And “…every unhappy family is unhappy in its own way.” Leo Tolstoy, Anna Karenina.
Did you hear the Steve Inskeep story on NPR’s Morning Edition this week, “Does Having Children Make You Happier?”
Here’s an interesting part of his interview with NPR science correspondent, Shankar Vedantam that caught my attention:
VEDANTAM: Lyubomirsky [psychologist who studied happiness and wrote book, The Myths of Happiness] says there’s a difference between happiness measured on a moment-to-moment level and happiness measured at a larger level. Parents report significantly more meaning in their lives than non-parents, even though on a day-to-day basis parenting may be a grind.
INSKEEP: Maybe we should just avoid the word happiness because it seems to confuse people.
VEDANTAM: Yeah. No, one of the things Lyubomirsky is actually saying is that we may have been too simplistic and asking questions – are parents happy or are parents non-happier? She says we need to start asking more nuanced questions. Which parents are we talking about? Are we talking about men or are we talking about women? Are we talking about older parents or younger parents? There’s research showing that older parents tend to be happier than younger parents. Parents with jobs – not surprisingly – are happier than parents who are struggling economically. Parents who have biological or adopted children turn out to be happier in general than parents who have stepchildren. And Lyubomirsky said perhaps the biggest thing to keep in mind is that parents’ happiness is not one static thing that basically stays a constant throughout the life of a child. It varies, especially with the age of the child.
LYUBOMIRSKY: When you have children under five and when your children are teenagers, that’s when you have the most kind of negative emotions and negative experiences with them. When they’re in between those years and when they’re older, there may be many, many positive, you know, interactions. So when we think about parenting we shouldn’t just think about, you know, having a baby or having a 14-year-old.
At the end of the story, Inskee quoted Tolstoy with his own clever twist: “Happy families are all alike; unhappy families have kids under five or teenagers.”
With my current job, I work on a team in which most of us have children under five, and most of us listen to NPR on the commute to work in the morning. We also have a few younger guys on the team, one single and one married without kids. The morning this story on having children and happiness ran and we chatted about it at our desks, we teased the guys about our superior level of happiness as parents.
“We are happier because we focus on the big picture fulfillment of having children instead of the day-to-day grind. Ready to drop your night life and join us?”
While the sarcasm was thick, we have all also agreed on separate occasions that our lives are significantly more meaningful than they were before we had children and we often come to work bragging about something sweet or adorable or silly that our kids said or did.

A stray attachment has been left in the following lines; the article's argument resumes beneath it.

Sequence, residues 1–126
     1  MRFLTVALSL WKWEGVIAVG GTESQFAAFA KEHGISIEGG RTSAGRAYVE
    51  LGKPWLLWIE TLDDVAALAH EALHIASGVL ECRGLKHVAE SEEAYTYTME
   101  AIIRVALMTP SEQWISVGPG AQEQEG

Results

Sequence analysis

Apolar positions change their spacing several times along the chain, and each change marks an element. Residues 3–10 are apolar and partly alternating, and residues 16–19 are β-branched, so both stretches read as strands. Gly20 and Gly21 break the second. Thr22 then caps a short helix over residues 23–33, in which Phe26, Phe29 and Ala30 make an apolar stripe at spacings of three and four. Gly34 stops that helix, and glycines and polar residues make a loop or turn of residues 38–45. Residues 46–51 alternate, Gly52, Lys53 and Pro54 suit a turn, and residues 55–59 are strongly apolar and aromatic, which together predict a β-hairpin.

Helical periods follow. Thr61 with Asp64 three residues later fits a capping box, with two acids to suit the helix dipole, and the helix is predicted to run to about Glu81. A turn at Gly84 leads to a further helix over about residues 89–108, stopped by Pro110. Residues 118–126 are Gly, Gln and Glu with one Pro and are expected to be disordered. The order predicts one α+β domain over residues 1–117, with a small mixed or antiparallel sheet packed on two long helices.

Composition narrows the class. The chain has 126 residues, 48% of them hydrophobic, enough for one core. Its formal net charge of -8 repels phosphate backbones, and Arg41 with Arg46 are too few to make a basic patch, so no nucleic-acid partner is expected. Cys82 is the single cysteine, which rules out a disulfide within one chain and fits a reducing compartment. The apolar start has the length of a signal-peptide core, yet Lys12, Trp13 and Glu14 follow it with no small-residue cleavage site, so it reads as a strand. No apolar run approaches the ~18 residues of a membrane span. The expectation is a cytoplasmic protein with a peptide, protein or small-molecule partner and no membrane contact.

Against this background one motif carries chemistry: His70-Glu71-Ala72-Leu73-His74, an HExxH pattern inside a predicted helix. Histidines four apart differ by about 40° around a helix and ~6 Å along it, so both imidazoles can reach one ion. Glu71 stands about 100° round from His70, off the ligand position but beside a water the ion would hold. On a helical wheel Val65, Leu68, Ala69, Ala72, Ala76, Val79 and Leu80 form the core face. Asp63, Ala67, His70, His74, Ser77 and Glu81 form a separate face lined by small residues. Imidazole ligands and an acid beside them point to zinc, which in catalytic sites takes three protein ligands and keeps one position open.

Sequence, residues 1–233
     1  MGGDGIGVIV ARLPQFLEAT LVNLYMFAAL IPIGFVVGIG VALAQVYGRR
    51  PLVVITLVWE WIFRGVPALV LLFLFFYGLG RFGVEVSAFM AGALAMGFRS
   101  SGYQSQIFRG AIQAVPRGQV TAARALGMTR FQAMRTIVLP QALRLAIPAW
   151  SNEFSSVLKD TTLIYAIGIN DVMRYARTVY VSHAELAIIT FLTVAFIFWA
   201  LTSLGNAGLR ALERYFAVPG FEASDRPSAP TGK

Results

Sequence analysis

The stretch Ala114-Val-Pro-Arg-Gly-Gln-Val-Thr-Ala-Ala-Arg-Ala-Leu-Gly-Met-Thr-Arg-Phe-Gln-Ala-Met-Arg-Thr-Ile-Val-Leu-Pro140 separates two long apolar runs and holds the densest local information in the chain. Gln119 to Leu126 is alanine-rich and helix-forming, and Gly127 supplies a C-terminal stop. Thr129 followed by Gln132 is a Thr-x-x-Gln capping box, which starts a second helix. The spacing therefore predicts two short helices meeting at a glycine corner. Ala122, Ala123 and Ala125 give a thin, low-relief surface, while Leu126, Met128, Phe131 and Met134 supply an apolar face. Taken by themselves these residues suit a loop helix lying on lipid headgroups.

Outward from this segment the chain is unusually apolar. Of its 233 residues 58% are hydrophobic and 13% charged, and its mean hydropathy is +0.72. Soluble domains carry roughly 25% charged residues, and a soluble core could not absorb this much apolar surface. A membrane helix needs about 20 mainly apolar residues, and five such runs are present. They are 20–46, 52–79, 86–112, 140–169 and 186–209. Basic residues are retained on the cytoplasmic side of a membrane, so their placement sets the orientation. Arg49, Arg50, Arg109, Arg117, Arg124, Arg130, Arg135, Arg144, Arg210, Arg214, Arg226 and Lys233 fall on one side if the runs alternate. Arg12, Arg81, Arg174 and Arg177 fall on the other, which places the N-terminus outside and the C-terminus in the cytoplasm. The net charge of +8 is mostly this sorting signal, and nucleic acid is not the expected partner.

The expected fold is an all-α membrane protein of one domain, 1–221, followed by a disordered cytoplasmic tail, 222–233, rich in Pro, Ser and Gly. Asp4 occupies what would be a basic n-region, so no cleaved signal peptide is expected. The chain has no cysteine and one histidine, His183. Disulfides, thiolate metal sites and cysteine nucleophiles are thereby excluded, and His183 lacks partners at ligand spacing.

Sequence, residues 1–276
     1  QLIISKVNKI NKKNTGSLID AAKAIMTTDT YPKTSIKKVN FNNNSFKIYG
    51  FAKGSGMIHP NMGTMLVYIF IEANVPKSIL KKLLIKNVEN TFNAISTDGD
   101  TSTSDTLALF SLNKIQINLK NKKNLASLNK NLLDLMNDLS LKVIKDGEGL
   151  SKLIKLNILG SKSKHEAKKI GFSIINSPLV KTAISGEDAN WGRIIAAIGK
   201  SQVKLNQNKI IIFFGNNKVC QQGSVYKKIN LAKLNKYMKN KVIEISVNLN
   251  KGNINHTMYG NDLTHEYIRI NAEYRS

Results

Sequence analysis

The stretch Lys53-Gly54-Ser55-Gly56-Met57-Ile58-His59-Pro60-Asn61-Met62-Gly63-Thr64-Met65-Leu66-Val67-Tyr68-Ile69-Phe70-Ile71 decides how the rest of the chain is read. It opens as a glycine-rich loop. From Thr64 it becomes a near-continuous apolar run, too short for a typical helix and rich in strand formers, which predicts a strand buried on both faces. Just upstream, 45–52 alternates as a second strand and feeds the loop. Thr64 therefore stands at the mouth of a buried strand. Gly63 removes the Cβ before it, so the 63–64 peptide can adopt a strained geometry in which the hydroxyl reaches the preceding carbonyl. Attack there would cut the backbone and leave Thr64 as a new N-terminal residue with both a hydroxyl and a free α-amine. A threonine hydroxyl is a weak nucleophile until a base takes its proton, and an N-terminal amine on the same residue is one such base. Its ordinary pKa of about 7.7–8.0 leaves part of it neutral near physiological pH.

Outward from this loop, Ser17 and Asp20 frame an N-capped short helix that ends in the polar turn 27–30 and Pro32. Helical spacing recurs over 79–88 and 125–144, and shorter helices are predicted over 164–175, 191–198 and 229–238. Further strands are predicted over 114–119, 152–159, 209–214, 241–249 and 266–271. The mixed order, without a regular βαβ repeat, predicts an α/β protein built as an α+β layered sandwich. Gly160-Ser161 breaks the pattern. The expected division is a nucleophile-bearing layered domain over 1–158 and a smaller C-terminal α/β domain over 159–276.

I will tell anyone that the year I had two under the age of five AND a teenager was one of the most difficult years of my life.
And four years later, our marriage thankfully still in tact and life relatively easier on multiple fronts — there are any number of moments in time now that I fall into the temporarily unhappy category and say out loud to my children and/or my husband things like:
“I’m just not up for this today.”
“Whining has to stop.”
“Really tired. No patience.”
“GO TO BED NOW.”
And as you can imagine, my announcing my state of being and need for perfect angel compliance always results in an immediate cease and desist on any type of annoying behavior. (Not.)
Today I had a moment of unhappiness that had nothing to do with my children who were behaving perfectly fine. Unfortunately, they were witness to my impulsive act of irritation. I was driving the girls to a dentist appointment anticipating a ridiculous amount of time in the car between getting to the dentist’s office on south end of town, getting them to school up north, and then driving another twenty minutes west to get to my office. Traffic was heinous and we were bound to be late. I was coming onto the highway from the on-ramp and some jack-ass woman on her cell phone driving a red sporty car couldn’t be bothered to slow down or change lanes to let me in.
I edged in anyway so as not to be forced on to the next exit. Coming in at a slower pace in my oh-so-sexy Prius, I was predictably too close in front of her.
She laid on the horn.
I threw up my arm and flipped her off.
Honestly, not something I do. Not sure what inspired the need to give someone the bird on the highway. I was instantly reminded of my innocent audience.
“Mommy, why did you just put your arm up like that?”
“Oh just stretching.”
Ultimately, I’ve done enough work on myself over the last several years to know the Big Truth that every response and every emotion is a choice.
We all know in the heat of the moment, it’s not easy to take pause to completely own the situation and your place in it and ask yourself, ”Is this worth being unhappy about?” But when you do take that extra few seconds to breathe and ask yourself the question, you can redirect your thoughts, your feelings and your actions in the moment for the benefit of everyone around you and your own well-being.
Thankfully, every day — every next moment in time really — we are graced with a do-ever.